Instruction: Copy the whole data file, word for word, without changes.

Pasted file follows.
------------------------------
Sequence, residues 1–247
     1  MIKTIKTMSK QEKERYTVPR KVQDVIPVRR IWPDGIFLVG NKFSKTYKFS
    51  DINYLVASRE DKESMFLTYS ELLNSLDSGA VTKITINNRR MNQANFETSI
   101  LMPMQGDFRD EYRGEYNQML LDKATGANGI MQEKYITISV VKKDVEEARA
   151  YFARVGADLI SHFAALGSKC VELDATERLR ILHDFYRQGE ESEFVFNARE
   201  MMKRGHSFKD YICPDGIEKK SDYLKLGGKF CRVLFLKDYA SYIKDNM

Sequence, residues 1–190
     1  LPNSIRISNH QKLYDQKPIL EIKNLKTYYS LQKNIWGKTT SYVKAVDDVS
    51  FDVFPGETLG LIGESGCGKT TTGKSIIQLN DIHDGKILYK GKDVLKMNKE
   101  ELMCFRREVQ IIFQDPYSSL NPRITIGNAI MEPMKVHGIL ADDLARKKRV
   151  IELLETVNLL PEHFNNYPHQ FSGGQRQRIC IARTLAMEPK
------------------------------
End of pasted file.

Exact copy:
Sequence, residues 1–247
     1  MIKTIKTMSK QEKERYTVPR KVQDVIPVRR IWPDGIFLVG NKFSKTYKFS
    51  DINYLVASRE DKESMFLTYS ELLNSLDSGA VTKITINNRR MNQANFETSI
   101  LMPMQGDFRD EYRGEYNQML LDKATGANGI MQEKYITISV VKKDVEEARA
   151  YFARVGADLI SHFAALGSKC VELDATERLR ILHDFYRQGE ESEFVFNARE
   201  MMKRGHSFKD YICPDGIEKK SDYLKLGGKF CRVLFLKDYA SYIKDNM

Sequence, residues 1–190
     1  LPNSIRISNH QKLYDQKPIL EIKNLKTYYS LQKNIWGKTT SYVKAVDDVS
    51  FDVFPGETLG LIGESGCGKT TTGKSIIQLN DIHDGKILYK GKDVLKMNKE
   101  ELMCFRREVQ IIFQDPYSSL NPRITIGNAI MEPMKVHGIL ADDLARKKRV
   151  IELLETVNLL PEHFNNYPHQ FSGGQRQRIC IARTLAMEPK